The problem boils down to this:  you’re still saying, no matter how you sugar coat it, that God knowingly and intentionally created a universe running by a set of rules according to which He knew perfectly well, in advance, that the vast majority of the intelligent creatures He has created, and whom He purportedly loves infinitely, and of whom He purportedly wants all to be saved, will nevertheless fail to be saved, and therefore spend all eternity burning in horrible agony in Hell.  The sugarcoating and philosophizing of it makes it all the more revolting.  At least the horrendous preaching of a Hesham has a certain terrible simplicity and purity to it.

Several years back I read the book Hell:  The Logic of Damnation.  It’s fascinating in a sort of train-wreck sort of way.  The author essentially argues on philosophical and theological grounds that the traditional doctrine of Hell–right down to real, literal flames and physical punishments for Eternity–are not only correct but can be logically supported.  It’s not a fun read by any means, but I give the author this:  given his premises, he argues with absolute logic and consistency.

If I recall correctly, one of the lynchpins of his argument is a quasi-Molinist , more or less many-worlds argument for the necessity of Hell.  His argument goes essentially thus:

1.  God wishes to create beings with free will, since he desires creatures who will love and choose Him freely, not mere puppets.

2.  Given the nature of free will, it is logically impossible even for God to create creatures the He can know ahead of time with full accuracy will never sin.  In short, it is inevitable that in any possible world God might create, at least some creatures with free will inevitably will reject Him.

3.  Since God respect His creatures’ free will, once they have made the irrevocable choice to reject Him, He respects this choice–the choice for Hell.

4.  From 2 and 3, it is therefore inevitable that in any possible world, there will be a certain proportion who will be damned eternally.

5.  God, being perfectly good, will create the best possible world.

6.  It is better to have a world in which some sentient beings with free will are eternally saved than one in which there are no sentient beings with free will.

7.  Therefore, even if it is true that the majority of the human race is to be eternally damned, this still must be the best of all possible worlds.  In any other world, even more–perhaps all–would have been damned.  Moreover, the goodness of the salvation of the elect outweighs the suffering of the damned.  Therefore, this is the best of all possible worlds, and the damnation of many–perhaps most–is an integral part of that goodness (since a world in which no one is damned is also one in which no one is saved).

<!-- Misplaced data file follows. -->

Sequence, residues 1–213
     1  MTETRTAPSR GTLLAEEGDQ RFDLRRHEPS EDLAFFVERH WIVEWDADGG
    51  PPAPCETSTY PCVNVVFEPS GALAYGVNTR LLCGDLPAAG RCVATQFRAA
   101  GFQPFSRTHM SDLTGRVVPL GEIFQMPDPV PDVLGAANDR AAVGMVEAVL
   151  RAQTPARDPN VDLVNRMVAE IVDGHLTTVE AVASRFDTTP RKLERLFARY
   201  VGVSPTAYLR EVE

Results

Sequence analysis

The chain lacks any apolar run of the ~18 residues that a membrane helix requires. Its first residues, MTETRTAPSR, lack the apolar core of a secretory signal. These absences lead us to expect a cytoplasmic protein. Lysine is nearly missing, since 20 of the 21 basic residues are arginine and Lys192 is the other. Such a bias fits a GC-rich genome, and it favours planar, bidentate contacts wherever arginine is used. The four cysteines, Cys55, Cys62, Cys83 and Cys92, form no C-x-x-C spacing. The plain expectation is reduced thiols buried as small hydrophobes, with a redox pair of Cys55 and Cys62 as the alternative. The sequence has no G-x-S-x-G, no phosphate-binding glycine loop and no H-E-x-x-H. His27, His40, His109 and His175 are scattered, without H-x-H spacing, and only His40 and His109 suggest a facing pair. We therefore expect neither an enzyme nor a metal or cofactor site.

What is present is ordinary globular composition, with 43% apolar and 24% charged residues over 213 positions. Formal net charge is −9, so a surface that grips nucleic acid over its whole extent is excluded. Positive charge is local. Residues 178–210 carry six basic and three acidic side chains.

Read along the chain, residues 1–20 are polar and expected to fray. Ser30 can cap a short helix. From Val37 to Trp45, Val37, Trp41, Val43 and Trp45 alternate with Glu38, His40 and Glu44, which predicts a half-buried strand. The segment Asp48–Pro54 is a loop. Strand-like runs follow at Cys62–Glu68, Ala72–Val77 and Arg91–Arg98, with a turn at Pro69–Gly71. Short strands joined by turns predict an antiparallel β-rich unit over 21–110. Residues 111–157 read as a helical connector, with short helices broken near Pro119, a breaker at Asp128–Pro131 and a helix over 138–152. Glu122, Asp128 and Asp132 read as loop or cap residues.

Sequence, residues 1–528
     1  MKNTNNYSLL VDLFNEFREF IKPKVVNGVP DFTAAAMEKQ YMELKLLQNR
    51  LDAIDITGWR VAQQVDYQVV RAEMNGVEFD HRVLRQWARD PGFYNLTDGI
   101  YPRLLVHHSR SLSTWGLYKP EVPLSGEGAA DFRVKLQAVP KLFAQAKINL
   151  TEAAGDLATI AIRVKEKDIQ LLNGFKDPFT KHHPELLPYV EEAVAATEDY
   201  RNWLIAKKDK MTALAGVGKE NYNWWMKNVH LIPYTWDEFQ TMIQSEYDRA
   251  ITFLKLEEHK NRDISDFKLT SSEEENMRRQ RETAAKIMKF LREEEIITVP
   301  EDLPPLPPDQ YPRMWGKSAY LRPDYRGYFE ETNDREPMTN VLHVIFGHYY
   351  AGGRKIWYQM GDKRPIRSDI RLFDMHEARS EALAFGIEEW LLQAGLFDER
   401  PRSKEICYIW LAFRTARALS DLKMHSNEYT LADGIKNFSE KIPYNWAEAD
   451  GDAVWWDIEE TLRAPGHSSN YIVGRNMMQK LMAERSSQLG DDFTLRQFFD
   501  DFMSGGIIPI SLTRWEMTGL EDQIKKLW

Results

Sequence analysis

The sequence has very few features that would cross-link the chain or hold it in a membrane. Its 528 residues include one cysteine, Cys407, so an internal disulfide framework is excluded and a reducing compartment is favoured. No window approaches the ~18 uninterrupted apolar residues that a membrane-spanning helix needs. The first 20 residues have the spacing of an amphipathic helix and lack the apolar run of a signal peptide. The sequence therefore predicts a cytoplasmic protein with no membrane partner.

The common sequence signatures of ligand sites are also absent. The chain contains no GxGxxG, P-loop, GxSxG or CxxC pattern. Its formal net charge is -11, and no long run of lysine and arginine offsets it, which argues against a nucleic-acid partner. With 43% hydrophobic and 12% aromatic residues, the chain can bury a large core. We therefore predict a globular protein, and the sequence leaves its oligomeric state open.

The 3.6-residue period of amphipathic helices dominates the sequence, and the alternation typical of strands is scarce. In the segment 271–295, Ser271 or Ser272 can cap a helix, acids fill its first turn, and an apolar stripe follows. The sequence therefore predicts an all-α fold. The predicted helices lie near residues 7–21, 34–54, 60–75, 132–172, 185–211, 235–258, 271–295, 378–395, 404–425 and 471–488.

There you have it in all its relentlessly logical and appalling grandeur.  Of course, as Chesterton said, the problem with a madman is not that he’s not logical; it’s that he’s only logical.  The syllogism above is perfectly constructed, logical, and airtight so long as one accepts the premises.

As I’ve discussed before, I’d agree with premises 1 and 2 above.  As I’ve also discussed, I think the idea of irrevocable choices is mistaken.  After the thought I put into the last post, I’m even more sure of that.  An attitude of irrevocable choices that lead finite creatures who have committed finite evils to infinite punishment seems not to reflect God correctly.  Therefore,  I reject premise 3 above.  Since 4 and 6 essentially follow from 3, I reject them, also.  On 5 I’m agnostic.  I agree with 7 to the extent of agreeing that God can’t  create a universe containing truly free intelligent beings without that universe containing a relatively large amount of suffering; I disagree with the posited outcome (i.e. large numbers damned).

In short, this thinking casts God as playing at a cosmic roulette table.  He looks at the odds in all universes, and picks the one with the least damnation and makes it–because you can’t make a proper universe without damnation.

Einstein famously said that God doesn’t play dice with the universe.  I don’t think He plays roulette, either.  That brings us to my next post.

Part of the series Legends of the Fall.

Posted on 24/10/2012, in Catholicism, Christianity, philosophy, religion, theology and tagged , , , , , , , , , , , , , , , , , , . Bookmark the permalink. 3 Comments.